JAYNE CORBITT (Wife of Ahmad Corbitt): We believe that we can be married for eternity, and that’s done in the temple. And because we can be married for eternity and our children are ours for eternity, it makes what we do in our home very important.

POTTER: But despite its efforts to appeal to blacks today — celebrating their heritage and tracing their genealogy — the church has never repudiated its old teachings that blacks were cursed by God as descendents of Cain or Ham. Armand Mauss is former president of the Mormon History Association and a visiting scholar at California’s Claremont Graduate School of Religion.

Professor Armand Mauss, former president of the Mormon History Association and a visiting scholar at California’s Claremont Graduate School of ReligionProfessor ARMAND MAUSS (Former President, Mormon History Association and Visiting Scholar, Claremont Graduate University, School of Religion, Claremont, CA): The old ideas that were used to justify this ban on priesthood, those ideas have survived even after the policy was changed that they were supposed to justify. And so you still encounter places in the church, among white people, in which the ideas come up again.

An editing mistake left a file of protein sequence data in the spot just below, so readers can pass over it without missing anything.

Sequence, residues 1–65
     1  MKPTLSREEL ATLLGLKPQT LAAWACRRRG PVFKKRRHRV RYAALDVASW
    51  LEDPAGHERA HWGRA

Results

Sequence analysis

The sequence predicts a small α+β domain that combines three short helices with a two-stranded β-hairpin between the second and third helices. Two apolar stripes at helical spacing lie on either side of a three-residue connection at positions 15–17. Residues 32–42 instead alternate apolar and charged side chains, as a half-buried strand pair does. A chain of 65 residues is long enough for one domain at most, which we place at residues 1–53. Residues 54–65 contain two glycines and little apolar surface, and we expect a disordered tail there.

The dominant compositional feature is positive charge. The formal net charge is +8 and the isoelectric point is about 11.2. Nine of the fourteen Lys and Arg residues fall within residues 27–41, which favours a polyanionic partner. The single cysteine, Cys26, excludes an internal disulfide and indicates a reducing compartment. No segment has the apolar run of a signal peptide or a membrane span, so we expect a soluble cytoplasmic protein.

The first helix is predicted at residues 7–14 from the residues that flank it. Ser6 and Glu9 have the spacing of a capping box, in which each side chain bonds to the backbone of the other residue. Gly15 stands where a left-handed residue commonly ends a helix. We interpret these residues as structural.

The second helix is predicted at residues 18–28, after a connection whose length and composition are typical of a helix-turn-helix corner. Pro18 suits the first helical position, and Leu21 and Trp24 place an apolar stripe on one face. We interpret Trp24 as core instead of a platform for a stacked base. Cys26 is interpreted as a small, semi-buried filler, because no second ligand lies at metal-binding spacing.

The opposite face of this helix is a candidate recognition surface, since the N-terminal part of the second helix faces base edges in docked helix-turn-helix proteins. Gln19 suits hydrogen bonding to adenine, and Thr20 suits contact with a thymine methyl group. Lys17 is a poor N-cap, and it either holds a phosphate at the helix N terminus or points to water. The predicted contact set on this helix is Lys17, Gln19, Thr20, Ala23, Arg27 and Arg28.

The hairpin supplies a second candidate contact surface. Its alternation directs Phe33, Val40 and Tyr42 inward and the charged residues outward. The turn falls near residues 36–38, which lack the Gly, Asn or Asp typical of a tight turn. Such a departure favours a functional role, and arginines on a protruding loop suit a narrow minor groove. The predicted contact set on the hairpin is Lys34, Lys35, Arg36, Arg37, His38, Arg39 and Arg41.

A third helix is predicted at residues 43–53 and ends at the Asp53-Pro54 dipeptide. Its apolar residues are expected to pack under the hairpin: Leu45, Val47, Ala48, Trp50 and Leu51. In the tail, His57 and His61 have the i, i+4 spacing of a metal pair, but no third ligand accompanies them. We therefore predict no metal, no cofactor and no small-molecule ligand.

POTTER: Darron Smith, who became a Mormon at age 15, says it’s painful to hear fellow church members cite what he calls racist teachings.

DARRON SMITH (Coeditor, BLACK AND MORMON): They’re harmful for blacks because they psychologically damage blacks, whether they admit that or not. And they — and one way that they — I think that this harms blacks is that blacks often will recite the same kind of folklore and justification for it as whites do.

CORBITT FAMILY (Saying Grace): We’re grateful for the gospel in our lives and we say this in the name of Jesus Christ. Amen.